Semin Neurol 2005; 25(3): 239
DOI: 10.1055/s-2005-917659

Copyright © 2005 by Thieme Medical Publishers, Inc., 333 Seventh Avenue, New York, NY 10001, USA.

Tropical Neurology

Karen L. Roos1  Editor in Chief 
  • 1John and Nancy Nelson Professor of Neurology, Indiana University School of Medicine, Indianapolis, Indiana
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19. September 2005 (online)

This issue of Seminars in Neurology on tropical neurology came together through the efforts of Drs. Alfredo Lopez and Jose Biller. The neurological disorders discussed in this issue are certainly not unique to the tropics and are increasingly seen worldwide. We thought our readers might enjoy learning about them from the experts in the field.

Neurocysticercosis is reviewed by Dr. Oscar Del Brutto. Dr. Melanie Walker and Dr. Joseph Zunt review the neuroparasitic infections due to nematodes, cestodes, trematodes, and protozoans. For a long time neurocysticercosis and parasitic infections have been a major public health problem in developing countries, but in the last several years they are increasingly seen in industrialized nations. Familiarity with the diagnosis and treatment of these infectious diseases is essential knowledge for every neurologist. Dr. Michael Watters reviews the clinical presentation, diagnosis, and treatment of marine neurotoxin poisoning. Drs. Joao Gomes and Julio Chalela review stroke in the tropics and emphasize the unusual stroke mechanisms that are more prevalent in the tropics, including stroke due to sickle cell disease, stroke due to arteritis secondary to cysticercosis, cardioembolism due to Chagas' disease, intraparenchymal and subarachnoid hemorrhages due to leptospirosis, and cerebral infarctions and intracranial hemorrhages due to malaria. Drs. Michael Schneck and José Biller review the etiologies of hemorrhagic stroke in the tropics. Dr. Roy Sucholeiki reviews heatstroke. Although heatstroke would be a more common disorder in unacclimated travelers going to warm climates, exertional heatstroke occurs in the setting of strenuous exercise in environments that are nontropical. Drs. Gregory Gruener and Paul Grindstaff review the peripheral nervous system complications of the human T-cell lymphotropic virus type 1 (HTLV-1) myelopathy syndromes. HTLV-1 and its associated neurological disorders are increasingly seen worldwide.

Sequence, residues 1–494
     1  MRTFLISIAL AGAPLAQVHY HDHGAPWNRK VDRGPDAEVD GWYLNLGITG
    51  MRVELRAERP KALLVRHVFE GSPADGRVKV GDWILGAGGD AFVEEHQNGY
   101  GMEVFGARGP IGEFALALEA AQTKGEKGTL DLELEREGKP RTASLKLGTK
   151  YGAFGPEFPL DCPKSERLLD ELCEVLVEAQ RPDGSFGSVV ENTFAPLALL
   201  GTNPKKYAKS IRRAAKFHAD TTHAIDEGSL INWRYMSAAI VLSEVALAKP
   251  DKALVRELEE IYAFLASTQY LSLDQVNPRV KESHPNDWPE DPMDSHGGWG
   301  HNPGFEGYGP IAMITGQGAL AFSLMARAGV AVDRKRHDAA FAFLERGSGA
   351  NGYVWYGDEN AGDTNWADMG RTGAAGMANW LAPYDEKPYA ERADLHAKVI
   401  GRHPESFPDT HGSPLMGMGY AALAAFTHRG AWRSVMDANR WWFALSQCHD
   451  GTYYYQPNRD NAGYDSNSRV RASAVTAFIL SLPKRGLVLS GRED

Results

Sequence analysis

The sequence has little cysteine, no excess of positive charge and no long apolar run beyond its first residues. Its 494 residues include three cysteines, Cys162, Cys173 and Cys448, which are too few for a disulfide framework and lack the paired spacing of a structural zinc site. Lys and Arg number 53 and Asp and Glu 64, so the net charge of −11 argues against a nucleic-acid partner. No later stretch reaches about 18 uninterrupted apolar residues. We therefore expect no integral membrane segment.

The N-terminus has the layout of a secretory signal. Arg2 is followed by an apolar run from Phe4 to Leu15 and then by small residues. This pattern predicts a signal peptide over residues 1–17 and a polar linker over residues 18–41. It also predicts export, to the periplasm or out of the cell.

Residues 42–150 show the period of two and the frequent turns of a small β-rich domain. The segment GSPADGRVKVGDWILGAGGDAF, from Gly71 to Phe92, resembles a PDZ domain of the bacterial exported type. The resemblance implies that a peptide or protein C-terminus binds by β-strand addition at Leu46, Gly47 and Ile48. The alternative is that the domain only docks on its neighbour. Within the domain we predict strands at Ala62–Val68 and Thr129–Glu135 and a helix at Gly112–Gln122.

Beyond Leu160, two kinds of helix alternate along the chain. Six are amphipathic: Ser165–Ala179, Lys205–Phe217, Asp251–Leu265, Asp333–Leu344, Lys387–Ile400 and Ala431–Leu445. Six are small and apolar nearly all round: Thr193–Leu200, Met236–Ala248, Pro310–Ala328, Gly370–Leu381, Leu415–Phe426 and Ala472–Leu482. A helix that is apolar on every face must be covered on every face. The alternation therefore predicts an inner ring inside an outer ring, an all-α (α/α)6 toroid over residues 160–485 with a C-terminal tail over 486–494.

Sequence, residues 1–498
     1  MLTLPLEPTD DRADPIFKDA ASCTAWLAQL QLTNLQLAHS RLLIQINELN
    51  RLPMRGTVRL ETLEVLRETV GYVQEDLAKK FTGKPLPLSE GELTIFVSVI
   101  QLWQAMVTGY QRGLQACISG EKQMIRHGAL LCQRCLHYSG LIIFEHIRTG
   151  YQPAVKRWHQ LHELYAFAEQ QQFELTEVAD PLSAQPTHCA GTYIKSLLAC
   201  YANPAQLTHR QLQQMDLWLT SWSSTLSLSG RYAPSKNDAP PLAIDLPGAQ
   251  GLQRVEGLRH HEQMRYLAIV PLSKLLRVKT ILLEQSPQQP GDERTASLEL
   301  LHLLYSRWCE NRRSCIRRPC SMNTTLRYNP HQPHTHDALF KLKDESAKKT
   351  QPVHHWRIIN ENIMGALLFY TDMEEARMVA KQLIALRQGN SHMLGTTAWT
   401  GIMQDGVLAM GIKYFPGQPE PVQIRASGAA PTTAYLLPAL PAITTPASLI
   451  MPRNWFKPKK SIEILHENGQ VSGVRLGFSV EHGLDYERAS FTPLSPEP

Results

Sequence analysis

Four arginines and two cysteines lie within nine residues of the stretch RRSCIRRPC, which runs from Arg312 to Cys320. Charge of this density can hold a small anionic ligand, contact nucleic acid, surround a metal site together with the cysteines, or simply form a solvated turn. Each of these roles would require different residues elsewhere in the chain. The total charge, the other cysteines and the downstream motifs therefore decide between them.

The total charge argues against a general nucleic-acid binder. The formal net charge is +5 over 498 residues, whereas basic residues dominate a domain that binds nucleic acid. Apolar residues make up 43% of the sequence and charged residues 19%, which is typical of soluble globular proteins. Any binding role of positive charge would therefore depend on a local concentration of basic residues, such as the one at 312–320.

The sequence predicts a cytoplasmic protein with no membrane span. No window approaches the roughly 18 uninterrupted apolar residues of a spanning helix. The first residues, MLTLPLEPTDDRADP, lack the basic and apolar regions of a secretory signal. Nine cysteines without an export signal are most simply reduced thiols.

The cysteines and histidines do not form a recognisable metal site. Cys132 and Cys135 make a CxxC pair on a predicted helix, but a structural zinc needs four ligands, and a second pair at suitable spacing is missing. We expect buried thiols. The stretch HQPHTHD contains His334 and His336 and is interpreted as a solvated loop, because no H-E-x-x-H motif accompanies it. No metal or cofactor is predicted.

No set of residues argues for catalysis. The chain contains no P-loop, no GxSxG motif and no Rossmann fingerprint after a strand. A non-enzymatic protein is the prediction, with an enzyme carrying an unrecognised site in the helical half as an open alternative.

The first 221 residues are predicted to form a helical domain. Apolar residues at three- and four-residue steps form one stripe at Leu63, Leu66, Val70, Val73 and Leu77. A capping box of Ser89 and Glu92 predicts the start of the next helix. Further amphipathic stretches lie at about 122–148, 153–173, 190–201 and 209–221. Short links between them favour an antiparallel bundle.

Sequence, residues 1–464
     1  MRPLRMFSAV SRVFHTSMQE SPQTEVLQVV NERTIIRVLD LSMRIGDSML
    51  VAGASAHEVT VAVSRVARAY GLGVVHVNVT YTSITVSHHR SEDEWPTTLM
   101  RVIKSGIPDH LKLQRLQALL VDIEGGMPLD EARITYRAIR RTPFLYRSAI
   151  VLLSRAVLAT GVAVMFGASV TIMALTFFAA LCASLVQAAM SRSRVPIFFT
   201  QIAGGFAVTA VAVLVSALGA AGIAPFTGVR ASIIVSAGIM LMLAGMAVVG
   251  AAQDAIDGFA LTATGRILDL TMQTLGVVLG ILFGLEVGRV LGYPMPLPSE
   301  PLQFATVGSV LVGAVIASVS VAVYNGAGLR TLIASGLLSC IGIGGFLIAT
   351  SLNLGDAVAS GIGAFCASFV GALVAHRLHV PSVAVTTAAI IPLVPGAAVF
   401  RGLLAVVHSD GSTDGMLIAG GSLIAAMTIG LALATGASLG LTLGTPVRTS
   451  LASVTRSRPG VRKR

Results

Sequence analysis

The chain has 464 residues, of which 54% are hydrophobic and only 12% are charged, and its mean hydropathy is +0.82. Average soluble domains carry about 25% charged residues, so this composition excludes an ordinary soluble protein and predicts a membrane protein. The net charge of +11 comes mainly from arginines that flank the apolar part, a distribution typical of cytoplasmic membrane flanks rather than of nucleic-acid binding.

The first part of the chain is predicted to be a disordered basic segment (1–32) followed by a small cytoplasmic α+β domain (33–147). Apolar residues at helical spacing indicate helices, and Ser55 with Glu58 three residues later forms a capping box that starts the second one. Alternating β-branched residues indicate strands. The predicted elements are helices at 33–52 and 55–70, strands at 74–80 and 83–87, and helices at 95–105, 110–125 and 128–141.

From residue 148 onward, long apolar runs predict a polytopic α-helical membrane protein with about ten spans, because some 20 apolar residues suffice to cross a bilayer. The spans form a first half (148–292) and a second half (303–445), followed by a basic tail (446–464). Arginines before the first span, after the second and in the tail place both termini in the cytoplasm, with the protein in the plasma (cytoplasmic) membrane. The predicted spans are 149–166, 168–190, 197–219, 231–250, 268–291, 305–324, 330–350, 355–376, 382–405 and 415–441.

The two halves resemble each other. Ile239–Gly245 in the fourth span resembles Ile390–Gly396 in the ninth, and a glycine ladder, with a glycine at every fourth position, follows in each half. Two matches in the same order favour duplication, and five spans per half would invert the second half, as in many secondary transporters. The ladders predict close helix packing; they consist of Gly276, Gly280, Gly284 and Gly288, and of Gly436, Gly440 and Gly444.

We are terribly grateful to Drs. Lopez and Biller for making this issue of Seminars in Neurology possible and are also terribly grateful to all of the contributors to this issue for educating us about the neurological disorders that, while common to the tropics, have now spread well beyond these areas of the world.

Karen L RoosM.D. 

Indiana University School of Medicine, 550 North University Blvd.

Suite 4411, Indianapolis, IN 46202-5124